Many farms and other agricultural related businesses are coming under increased pressure from their supply chain to become greener by finding ways to reduce their carbon footprint.
One such business is North East daffodil and seed potato co-operative Grampian Growers, who has turned to solar PV to generate its own supply of clean electricity. The Montrose based co-operative grow, store and process daffodil bulbs, flowers and seed potatoes mainly for export to America, mainland Europe and North Africa.
“The decision to install solar PV is part of an overall business strategy to make the co-operative more environmentally friendly. A key part of this was to look at ways to reduce the amount of carbon created through our site activities”, explained Managing Director, Mark Clark. “We were also keen to take control of our energy costs, by reducing the amount of electricity we buy in. PV presented us with the perfect opportunity to do just that, by utilising the available roof space on the site” added Production Manager, Fergus Kelly.
The 593 panel 148.25kWp PV array was installed over two large south facing composite roofs by Forster Energy, Scotland’s leading supplier of roof-top solar PV for farmers. An initial 50kWp array was installed in June to secure a higher feed in tariff rate. A further 98.25kWp was added in September following approval of planning permission.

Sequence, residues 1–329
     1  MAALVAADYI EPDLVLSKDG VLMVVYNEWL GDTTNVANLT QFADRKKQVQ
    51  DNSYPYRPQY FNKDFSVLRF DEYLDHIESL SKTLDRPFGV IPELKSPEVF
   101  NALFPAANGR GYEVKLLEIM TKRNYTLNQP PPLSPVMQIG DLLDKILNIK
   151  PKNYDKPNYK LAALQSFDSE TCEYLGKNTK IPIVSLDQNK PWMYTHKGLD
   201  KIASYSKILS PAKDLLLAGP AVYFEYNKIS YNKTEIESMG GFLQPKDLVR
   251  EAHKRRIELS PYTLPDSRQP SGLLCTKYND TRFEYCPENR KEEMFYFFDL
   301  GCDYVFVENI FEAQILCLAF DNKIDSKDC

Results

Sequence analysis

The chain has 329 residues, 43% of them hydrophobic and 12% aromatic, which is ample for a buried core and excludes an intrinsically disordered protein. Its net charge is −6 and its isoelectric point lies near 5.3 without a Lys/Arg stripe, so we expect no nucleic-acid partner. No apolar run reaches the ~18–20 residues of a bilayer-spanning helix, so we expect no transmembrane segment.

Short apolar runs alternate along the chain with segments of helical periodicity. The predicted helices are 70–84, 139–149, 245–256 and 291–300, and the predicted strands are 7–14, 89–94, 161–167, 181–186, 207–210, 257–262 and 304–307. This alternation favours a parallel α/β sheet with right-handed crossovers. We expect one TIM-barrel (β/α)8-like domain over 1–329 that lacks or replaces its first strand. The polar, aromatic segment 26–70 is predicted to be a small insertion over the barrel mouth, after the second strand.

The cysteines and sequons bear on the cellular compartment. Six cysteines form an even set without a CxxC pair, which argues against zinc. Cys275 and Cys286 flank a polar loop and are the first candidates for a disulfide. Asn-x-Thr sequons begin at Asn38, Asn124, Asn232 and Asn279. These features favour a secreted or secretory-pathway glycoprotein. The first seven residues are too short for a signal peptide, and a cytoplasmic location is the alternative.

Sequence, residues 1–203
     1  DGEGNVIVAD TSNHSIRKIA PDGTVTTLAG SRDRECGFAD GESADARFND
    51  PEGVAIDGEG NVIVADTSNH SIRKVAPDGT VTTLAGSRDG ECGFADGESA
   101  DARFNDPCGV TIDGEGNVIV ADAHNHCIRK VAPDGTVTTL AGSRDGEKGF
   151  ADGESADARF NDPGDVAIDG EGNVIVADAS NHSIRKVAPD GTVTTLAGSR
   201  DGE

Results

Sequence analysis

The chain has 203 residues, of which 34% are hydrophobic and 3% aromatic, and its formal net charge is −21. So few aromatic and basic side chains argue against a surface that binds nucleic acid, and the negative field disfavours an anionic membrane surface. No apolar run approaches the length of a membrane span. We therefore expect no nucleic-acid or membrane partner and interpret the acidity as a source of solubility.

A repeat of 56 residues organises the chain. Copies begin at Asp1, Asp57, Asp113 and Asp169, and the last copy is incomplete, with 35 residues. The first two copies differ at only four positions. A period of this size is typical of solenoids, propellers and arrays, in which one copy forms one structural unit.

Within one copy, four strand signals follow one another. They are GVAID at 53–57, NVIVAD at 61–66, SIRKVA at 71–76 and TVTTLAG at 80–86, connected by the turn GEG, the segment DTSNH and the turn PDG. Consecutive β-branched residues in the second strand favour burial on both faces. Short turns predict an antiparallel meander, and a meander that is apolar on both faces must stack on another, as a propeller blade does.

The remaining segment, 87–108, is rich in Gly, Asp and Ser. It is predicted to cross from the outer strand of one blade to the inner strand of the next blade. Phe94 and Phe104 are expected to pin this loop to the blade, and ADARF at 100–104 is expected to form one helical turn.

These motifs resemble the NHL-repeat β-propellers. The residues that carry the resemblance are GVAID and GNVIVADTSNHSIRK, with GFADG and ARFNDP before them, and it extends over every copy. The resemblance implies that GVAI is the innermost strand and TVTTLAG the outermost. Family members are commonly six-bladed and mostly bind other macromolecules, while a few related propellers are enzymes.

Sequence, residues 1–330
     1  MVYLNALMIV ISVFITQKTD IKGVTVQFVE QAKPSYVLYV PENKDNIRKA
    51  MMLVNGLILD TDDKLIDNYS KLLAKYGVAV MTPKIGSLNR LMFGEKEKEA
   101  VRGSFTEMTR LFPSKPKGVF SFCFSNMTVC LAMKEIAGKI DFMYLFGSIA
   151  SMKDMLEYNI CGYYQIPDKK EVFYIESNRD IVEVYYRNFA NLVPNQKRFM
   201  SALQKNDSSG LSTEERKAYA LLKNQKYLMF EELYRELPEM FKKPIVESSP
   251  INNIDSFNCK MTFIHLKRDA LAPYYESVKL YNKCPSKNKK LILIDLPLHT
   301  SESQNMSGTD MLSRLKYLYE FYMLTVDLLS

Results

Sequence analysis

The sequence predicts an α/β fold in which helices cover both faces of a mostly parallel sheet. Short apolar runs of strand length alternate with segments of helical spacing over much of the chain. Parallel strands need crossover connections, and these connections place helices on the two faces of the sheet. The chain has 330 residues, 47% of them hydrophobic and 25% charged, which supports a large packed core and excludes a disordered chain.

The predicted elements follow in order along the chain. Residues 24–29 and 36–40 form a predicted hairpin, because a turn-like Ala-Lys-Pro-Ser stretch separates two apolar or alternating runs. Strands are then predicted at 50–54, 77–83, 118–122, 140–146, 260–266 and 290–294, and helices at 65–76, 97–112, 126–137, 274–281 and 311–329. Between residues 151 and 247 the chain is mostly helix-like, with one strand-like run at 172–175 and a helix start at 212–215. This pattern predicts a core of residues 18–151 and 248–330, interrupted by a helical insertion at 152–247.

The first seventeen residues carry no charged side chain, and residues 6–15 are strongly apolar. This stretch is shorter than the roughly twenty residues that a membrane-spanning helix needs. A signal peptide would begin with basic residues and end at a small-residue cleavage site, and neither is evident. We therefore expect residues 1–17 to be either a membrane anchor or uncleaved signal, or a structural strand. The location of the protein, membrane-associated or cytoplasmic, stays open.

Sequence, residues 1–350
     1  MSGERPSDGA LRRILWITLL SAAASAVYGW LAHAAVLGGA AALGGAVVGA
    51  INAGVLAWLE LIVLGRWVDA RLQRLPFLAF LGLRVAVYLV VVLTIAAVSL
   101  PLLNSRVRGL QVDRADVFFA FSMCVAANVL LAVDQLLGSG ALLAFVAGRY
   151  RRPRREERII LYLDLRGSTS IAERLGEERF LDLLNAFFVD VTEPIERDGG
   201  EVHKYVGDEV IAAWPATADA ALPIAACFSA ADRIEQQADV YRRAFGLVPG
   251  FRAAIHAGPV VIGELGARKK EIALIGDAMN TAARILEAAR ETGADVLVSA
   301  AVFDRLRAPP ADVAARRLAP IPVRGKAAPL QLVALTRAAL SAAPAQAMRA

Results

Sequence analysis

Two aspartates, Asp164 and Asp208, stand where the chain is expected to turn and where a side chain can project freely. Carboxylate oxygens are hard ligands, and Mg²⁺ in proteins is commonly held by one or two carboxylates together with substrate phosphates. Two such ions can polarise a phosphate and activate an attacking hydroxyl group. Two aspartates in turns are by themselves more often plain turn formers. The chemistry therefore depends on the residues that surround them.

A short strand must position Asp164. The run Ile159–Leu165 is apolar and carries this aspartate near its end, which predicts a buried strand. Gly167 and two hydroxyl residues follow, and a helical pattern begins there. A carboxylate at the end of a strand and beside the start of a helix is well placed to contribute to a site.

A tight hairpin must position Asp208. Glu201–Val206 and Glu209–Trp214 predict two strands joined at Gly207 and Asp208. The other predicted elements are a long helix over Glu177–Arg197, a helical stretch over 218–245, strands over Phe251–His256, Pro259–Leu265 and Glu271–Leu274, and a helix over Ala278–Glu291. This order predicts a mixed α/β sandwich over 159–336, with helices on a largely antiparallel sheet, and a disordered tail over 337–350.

Constraints on grid capacity place a limit on the amount of electricity Grampian Growers can export. Therefore a special export control system was installed to regulate the amount of electricity that is fed into the grid. “Increased pressure on grid capacity has led to a growing number of instances of export restrictions being placed on renewable energy generators. For this reason export control systems like this are becoming more widely used” explained Stephen Ward, Forster’s Design Engineer.
The new PV system is projected to have paid for itself within seven years and is set to provide a 19% annual return on the initial investment through energy savings and feed in and export tariff payments. “We are already seeing the benefit of generating our own electricity supply” said Mark. “In October 2014 the first full month of generation the system has performed slightly over Forster’s projections”.